Archive for Jun, 2011

Wine update

Our wine is now really clear and looking good!  So much sediment too.  We’ll bottle it soon – hopefully it tastes ok.


The new girls

The Royal Canberra Poultry Show was a great event.  Aside from some friends doing well in the judging, and the fun we had at the set-up working bee, the highlight was buying three Rhode Island Red (RIR) girls for our breeding program.  We’ve decided that RIRs are the way forward as they’re definitely good eating and apparently good layers too.  And sooooo purdy.

Here they are, our red-theme-named girls Ruby, Scarlett and Carmine


We recently got a home energy audit which recommended, inter alia, that we top our ceiling insulation to R5.  And being a DIY devotee, I bought the batts and am in the process of doing it myself.

Here’s a shot of the work in progress:

We’re racing the clock on this one – everything has to be in place by September to get the rebate.  I’ve done 13 bags of 20, so getting quite close now!

Minus four

The last four chickens we killed are mostly eaten now.  It was a very long night of slaughtering, plucking and gutting; I won’t do so many in a single night again for a while!  It really brings home how time and labour intensive it is to produce though.

The first thing we did was to gather the boys up and cut their throats.  We like to do this out of sight of the others, which may be anthropomorphic softness on my part, but isn’t any extra effort either.

We also chop off the heads once the bleeding has largely subsided, just to be sure.  If there’s one thing I can’t abide, it’s zombie chickens.

Next: plucking.  We’d never done this before.  Plucking involved a dunk in hot water and a trip over a borrowed power-plucker.  This machine was a spinning drum with rubber plucking fingers mounted around the outside, which made short work of the downier feathers, though quite a few big ones remained.  Far easier has been skinning, which I combine with the jointing process.  It means that the carcass can be gutted afterwards which makes it all very simple, quick and clean.  It’s also easier to remove the lungs and kidneys.

I smoked Fred and Barney in the Weber in our traditional style: rosemary as the smoke (because we have masses!) and maple syrup glaze.  Note the Ironbark vineyard cab sav in the background, for scale and as a gratuitous plug to the lovely grape growers and friends who also gave us the grapes we’re currently fermenting.

Fred and Barney have given us some very nice meals including fettucine with a creamy, mustardy, smoked chicken and mushroom sauce.  One of the benefits of eating our dear lads is that I always feel inclined to put a bit of effort in.  Jar sauce wouldn’t do their memory justice.

And here’s Anaconda (we got araucanas and this ancona at the same time, and the mixed-up name stuck!).  He’s stuffed with oats and pumpkin, again with the maple syrup glaze.  Anaconda’s best buddy Red4 didn’t make it into a picture.  His age consigned him to the stewing pot, with beetroot from the garden, among other things.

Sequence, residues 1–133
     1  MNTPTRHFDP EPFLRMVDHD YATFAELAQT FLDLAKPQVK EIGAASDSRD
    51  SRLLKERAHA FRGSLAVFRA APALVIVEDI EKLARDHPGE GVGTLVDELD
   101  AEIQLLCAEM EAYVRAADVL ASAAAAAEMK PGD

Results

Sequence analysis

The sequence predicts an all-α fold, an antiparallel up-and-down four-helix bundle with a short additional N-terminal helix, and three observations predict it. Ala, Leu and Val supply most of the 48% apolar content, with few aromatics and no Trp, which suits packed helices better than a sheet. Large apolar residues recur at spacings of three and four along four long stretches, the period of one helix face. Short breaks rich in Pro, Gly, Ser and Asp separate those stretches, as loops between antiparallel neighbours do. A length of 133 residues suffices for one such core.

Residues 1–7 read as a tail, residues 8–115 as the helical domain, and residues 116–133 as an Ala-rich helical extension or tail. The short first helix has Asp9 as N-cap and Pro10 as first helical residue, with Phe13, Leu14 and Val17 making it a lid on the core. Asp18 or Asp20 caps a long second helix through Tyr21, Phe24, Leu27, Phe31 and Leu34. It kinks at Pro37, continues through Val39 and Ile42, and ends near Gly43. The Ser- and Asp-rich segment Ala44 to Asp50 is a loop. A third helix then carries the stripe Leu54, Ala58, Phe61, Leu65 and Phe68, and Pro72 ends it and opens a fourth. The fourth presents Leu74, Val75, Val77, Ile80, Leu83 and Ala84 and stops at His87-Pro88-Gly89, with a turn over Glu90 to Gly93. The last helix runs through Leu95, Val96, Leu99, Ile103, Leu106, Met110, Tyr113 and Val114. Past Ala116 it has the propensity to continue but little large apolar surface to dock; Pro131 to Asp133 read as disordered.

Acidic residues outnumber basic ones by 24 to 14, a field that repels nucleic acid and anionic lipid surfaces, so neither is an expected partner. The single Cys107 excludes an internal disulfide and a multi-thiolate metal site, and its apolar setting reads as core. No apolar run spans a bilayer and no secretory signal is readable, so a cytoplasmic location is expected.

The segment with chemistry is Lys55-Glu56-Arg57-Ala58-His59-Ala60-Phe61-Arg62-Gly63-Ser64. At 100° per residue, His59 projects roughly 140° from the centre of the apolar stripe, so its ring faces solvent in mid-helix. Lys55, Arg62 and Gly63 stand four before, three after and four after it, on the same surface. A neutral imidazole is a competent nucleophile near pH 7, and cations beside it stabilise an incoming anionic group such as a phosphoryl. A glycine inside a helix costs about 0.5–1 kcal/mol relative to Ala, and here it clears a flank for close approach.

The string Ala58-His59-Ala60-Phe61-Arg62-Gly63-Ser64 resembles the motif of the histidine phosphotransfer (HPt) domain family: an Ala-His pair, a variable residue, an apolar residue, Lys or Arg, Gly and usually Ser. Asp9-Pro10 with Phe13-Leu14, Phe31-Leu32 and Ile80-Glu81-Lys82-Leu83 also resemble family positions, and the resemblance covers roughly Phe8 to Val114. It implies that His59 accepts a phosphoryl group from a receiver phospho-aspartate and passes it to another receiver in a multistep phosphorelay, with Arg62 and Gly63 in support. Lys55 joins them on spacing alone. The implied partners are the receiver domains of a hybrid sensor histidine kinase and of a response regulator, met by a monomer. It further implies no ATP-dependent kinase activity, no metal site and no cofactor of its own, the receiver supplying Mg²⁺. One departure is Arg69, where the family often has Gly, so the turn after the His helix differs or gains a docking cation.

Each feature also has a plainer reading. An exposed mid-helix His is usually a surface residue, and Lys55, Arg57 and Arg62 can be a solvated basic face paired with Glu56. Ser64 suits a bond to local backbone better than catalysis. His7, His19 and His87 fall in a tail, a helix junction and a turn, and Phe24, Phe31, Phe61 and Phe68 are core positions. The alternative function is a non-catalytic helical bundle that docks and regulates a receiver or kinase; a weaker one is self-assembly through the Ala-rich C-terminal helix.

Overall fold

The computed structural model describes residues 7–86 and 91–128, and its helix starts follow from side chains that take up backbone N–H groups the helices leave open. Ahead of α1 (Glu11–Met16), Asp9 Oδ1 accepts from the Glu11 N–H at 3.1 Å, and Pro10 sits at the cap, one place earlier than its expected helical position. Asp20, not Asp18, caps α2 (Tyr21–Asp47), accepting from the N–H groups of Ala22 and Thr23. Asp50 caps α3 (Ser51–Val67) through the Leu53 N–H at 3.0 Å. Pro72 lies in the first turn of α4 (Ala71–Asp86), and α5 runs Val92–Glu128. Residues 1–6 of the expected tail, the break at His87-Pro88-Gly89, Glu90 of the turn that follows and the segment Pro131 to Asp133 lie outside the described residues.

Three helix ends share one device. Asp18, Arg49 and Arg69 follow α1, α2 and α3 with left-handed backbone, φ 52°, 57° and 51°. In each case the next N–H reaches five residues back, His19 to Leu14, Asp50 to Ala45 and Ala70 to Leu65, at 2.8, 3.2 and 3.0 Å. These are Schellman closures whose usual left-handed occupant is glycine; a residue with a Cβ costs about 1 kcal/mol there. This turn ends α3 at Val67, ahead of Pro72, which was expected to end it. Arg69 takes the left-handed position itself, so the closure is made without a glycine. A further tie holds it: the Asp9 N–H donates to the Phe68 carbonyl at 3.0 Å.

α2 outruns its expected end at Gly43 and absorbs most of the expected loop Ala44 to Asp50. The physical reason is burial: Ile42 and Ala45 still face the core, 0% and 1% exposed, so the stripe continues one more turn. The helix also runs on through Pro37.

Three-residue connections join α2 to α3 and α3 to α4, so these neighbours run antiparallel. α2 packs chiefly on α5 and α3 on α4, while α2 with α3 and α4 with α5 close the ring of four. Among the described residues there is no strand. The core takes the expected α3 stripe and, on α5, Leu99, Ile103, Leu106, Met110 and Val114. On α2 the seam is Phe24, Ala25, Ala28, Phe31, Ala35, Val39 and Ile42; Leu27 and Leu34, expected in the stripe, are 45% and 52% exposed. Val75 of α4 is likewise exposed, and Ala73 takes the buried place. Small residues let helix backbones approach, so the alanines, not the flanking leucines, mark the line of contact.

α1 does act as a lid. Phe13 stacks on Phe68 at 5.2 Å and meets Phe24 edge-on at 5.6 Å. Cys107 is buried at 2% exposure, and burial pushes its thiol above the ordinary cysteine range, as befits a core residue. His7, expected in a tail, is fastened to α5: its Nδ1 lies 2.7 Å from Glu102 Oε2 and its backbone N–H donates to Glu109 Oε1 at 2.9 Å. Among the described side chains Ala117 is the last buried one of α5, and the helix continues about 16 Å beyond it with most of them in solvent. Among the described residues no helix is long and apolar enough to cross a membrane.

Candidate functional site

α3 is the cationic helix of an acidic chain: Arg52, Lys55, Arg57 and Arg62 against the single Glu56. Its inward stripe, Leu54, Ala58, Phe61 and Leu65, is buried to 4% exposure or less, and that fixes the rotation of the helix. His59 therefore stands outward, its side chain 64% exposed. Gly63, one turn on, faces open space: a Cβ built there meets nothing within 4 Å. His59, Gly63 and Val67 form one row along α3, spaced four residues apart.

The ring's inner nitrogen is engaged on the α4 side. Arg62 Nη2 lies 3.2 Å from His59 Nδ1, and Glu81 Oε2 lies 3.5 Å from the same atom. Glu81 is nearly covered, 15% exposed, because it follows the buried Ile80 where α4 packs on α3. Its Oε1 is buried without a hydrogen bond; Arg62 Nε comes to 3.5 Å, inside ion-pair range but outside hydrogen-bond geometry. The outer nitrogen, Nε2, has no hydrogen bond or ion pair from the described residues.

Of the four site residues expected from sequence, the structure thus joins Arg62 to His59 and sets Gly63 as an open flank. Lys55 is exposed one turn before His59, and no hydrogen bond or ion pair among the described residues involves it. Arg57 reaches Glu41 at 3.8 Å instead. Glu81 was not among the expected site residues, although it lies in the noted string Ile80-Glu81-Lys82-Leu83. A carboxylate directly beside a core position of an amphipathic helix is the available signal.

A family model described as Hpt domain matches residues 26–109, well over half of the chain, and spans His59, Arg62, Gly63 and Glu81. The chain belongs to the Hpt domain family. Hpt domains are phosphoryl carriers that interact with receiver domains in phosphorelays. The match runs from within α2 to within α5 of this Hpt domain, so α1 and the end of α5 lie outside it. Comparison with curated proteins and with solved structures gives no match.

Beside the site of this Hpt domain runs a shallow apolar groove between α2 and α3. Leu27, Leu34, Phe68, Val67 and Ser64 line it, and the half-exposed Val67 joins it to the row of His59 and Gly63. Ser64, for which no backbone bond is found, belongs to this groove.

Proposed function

Fred and Barney were barnevelders (Barney was the one with the broken toe), Red4 was a Rhode Island Red, and Anaconda was a bantam ancona. Thanks guys, you were fun to raise and delicious to eat.

Minus four, plus two

In the ever ongoing chicken flux, we killed the four boys (RIR IV, Ancona and the two Barnevelders) over the weekend.  Whatwouldmacgyverdo is working on a post on the butchering process, so I will leave that to him.

In happier news, however, the Suburbanite Farm has two new Araucana pullets.

Juliet is 13 weeks and Imogen 16 weeks. Being Araucana, they will lay blue eggs!  I am very excited about this.  Ever since I discovered that there was such a thing as a blue egg laying chicken, I decided I needed some.

Imogen and Juliet in quarantine

They are both hopefully carrying a (recessive) lavender gene which in two doses (one from each parent) dilutes black to lavender – the colour Craig is.  This means when they are bred with Craig half their chicks will be the lavender colour he is, the other half will be black but carrying the lavender gene.  Some will also possibly be the Isabel colour, which is a pinkish lavender colour due to the lavender gene diluting red, in addition to the black.  The brassiness in Craig’s feathers means that he is technically this colour, but is a fault in a boy – only girls can be Isabel.  Crazy show rules!  Not that I’m planning on showing, but it is all interesting to find out.  Chicken genetics is fun!

After a week in quarantine, we did a bit of a shuffle with the penning arrangements, so Blue and Sage moved into the big pen (which lost the four boys) and Juliet and Imogen joined Craig and Thyme in the little pen.

So now I have a breeding trio of Araucanas!  I obviously won’t be hatching chicks for a while though – they are only babies themselves.

The big pen now has Red plus eight girls – three Sussex, five wyandottes.  I’ve decided to breed a purebred Rhode Island Red line too, so I am now on the look out for some RIR pullets to add to the big pen… first place to look is the Canberra Poultry Show this weekend!

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